When Jesus gave the bread and fish to the disciples, they distributed the food to the multitude sitting in groups on the grass. As they passed out the food, there was enough for everybody. Not only was there enough, but every person ate till He was full. There was so much food that when everyone had taken as much as he wanted, they collected the leftovers. To the Jews food was a precious gift of God, not to be taken for granted, so they collected the leftovers. There was so much left over that twelve baskets were filled. This food could then be given to the poor to help to meet their needs.

Some, who have trouble believing in miracles, call this a great miracle of sharing. They think many people had food, and they were moved to share with one another. But this miracle is presented to us as a miracle of multiplication – five loaves and two fish were multiplied to feed five thousand men. Jesus is showing the people that He is the One who, like Moses, provides food in the wilderness. Only He is greater than Moses, for Moses could only tell the people to collect the manna that fell in the wilderness, while Jesus actually made the food the people ate. He wants us to see Him as our Provider. Sometimes it is hard to trust Him to provide, but He can and does, and we should learn not to be anxious about food and drink, but to trust Him to give us what we need.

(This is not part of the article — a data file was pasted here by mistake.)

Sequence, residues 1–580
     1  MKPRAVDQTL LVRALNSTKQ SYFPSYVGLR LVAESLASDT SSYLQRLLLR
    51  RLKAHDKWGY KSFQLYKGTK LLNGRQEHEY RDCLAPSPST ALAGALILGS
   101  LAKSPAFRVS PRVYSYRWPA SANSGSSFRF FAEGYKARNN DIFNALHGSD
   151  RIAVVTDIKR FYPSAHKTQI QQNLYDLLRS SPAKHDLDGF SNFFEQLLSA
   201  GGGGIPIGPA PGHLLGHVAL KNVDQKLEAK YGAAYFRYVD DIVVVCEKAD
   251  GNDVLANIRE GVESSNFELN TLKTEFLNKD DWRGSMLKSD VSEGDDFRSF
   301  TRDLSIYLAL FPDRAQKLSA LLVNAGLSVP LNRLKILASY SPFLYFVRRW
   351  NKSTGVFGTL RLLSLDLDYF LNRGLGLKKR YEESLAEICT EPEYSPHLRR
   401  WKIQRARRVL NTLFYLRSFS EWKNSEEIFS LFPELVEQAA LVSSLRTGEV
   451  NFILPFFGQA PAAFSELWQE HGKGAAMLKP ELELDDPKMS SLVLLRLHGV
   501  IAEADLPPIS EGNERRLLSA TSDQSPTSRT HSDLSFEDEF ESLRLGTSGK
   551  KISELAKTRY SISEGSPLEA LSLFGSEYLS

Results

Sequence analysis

More importantly He wants us to know that He gives the bread of heaven, which ultimately is not material but spiritual. According to John many missed the point. When they saw Jesus could miraculously provide food, they wanted to take Him by force and make Him king. Some will always get hung up on the miracles and the bread, because they do not understand what they need and what Jesus came to give – Himself, the living bread that came down our of heaven.

Jesus is here with us today to give us this bread, if we want it and will receive it. Even now in this service and in this preaching the Lord Jesus is here to feed all who are hungry with Himself, the bread of heaven. Take it, eat it, and be satisfied.


No comments: